Over the years I kept these rules as my north, nothing like practice to learn day by day how to be a better leader.  Through the years I learned that employees look up to their supervisors until they don’t.  When the supervisor show no respect or care, people stop respecting them and after that their committment and motivation are gone too.

I make a conscious effort every day to respect. lead, motivate, develop, recognize the good, teach the right way and never get complacent using continuous improvement as the road map to success.  Some days are better than others, but something of this is working because I have seen many of my employees to grow up to become great leaders.  I can tell the difference between employees that enjoy their jobs and those who do not.  When you find those employees on your way, their passion and attitude towards their work cheer you up.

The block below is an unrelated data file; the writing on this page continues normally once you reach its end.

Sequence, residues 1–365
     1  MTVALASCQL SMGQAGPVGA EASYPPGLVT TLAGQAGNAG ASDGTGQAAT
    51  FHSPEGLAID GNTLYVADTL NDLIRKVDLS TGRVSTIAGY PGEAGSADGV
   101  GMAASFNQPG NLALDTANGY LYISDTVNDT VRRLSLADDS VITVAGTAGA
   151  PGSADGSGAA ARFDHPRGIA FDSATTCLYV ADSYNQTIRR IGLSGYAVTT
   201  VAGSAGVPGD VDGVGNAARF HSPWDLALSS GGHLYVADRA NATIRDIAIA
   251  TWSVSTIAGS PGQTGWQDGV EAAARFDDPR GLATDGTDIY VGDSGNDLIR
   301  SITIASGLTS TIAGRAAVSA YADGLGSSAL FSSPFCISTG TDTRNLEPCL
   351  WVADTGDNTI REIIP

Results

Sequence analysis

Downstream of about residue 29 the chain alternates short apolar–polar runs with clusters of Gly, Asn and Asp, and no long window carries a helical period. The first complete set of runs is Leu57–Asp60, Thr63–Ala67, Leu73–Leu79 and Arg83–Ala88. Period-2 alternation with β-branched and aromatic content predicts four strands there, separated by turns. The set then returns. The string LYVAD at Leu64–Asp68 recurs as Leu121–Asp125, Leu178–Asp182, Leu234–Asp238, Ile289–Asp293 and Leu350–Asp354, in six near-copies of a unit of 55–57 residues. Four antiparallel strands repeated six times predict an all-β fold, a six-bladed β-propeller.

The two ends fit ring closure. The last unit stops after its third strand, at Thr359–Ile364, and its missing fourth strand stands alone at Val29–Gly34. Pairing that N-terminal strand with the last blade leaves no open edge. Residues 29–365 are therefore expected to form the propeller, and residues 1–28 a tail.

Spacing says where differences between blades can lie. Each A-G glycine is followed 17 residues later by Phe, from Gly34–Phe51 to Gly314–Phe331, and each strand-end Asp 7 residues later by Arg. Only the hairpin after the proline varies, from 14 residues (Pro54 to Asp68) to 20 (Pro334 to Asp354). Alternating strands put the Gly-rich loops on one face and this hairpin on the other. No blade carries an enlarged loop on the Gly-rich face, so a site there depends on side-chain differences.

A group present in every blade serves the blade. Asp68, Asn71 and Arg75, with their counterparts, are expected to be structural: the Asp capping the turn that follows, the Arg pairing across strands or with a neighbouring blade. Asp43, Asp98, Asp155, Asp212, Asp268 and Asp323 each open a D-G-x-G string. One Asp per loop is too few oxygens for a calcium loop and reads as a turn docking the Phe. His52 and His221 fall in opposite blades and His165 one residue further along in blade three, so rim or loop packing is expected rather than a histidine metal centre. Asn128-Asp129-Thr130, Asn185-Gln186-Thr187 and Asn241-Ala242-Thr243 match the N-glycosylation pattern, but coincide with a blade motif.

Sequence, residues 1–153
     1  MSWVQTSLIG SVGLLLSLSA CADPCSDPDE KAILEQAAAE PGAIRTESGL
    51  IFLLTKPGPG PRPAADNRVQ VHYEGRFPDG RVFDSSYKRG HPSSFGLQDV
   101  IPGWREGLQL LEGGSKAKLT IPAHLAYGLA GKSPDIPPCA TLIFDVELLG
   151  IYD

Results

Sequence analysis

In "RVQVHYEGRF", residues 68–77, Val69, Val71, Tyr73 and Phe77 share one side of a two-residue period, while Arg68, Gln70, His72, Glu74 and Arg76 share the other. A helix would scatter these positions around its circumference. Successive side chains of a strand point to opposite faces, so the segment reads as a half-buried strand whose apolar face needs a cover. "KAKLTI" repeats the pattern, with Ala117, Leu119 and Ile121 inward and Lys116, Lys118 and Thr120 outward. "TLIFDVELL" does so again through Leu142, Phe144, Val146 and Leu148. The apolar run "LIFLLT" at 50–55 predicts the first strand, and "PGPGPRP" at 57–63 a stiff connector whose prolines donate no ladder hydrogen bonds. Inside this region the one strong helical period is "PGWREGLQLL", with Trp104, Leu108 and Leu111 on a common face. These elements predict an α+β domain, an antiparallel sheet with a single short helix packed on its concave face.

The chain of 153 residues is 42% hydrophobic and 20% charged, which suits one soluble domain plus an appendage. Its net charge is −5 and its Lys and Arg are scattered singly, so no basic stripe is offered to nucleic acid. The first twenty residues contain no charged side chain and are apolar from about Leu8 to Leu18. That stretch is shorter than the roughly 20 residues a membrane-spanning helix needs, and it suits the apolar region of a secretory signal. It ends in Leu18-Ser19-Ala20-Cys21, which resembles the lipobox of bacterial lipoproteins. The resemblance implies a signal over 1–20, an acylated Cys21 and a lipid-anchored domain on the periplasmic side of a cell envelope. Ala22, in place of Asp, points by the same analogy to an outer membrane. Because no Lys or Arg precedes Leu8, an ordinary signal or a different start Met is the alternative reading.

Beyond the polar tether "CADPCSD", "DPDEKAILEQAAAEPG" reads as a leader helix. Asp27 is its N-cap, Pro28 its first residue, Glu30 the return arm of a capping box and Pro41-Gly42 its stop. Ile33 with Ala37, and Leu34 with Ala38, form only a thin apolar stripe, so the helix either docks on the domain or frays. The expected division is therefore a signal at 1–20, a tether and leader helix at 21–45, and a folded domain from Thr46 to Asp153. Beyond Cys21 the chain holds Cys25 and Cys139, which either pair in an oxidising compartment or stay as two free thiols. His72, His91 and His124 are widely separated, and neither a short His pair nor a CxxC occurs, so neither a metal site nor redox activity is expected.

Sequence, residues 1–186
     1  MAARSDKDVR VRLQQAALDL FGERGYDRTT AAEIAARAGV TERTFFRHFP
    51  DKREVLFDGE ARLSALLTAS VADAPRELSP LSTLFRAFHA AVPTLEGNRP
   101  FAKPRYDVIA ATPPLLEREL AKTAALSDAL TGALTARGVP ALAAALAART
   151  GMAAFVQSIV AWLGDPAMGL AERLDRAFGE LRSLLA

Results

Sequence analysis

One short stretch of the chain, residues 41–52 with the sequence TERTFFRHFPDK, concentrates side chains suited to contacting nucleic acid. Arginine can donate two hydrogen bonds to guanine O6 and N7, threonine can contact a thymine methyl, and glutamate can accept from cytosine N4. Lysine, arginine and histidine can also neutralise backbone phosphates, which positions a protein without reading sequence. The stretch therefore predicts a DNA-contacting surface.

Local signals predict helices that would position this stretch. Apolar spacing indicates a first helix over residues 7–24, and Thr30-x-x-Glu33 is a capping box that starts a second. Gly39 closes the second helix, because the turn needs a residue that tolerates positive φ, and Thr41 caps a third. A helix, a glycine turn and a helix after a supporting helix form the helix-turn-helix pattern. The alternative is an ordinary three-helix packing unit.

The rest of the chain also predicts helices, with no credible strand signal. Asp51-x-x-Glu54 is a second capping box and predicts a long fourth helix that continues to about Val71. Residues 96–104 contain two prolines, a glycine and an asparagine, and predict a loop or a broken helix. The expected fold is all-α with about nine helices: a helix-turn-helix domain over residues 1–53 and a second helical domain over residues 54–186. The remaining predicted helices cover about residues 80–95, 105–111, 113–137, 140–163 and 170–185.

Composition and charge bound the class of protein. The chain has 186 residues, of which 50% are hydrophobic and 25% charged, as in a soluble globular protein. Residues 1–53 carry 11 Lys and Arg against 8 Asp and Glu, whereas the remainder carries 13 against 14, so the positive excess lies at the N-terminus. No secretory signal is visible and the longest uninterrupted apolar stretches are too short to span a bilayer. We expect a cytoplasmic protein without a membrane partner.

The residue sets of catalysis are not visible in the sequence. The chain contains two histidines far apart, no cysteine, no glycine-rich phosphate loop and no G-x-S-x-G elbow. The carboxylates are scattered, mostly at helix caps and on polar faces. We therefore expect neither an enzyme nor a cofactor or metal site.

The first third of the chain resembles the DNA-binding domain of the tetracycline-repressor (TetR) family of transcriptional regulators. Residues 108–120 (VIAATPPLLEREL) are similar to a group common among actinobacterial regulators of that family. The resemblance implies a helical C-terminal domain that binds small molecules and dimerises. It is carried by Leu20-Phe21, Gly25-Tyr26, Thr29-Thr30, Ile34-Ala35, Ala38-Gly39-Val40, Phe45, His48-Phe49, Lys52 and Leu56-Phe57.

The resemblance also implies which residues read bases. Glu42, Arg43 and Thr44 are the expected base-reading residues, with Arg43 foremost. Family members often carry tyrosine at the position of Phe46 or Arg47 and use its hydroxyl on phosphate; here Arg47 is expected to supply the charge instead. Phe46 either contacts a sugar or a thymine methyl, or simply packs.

Our job as leaders is to exercise our responsibility and keep working to positively affect the lives of our employees.  Motivation, positivism and committment are contagious, let’s spread it!

Continuous Improvement, Workplace

New Year Resolutions

Many of us do it every year, keep up for a couple of weeks, maybe months and then forget about it.  Yup, I am talking about the New Year resolutions.  The resolution can be just about anything; the most popular are: exercise more, lose weight, eat more healthy and learn a new skill or hobbies.  The workplace is no different, although not as popular as resolutions for our private life, they can be great for us as well.

Here are a few ideas for workplace resolution:

  • Learn something new, get out of the office and take that training that you really want to have and never has time for it.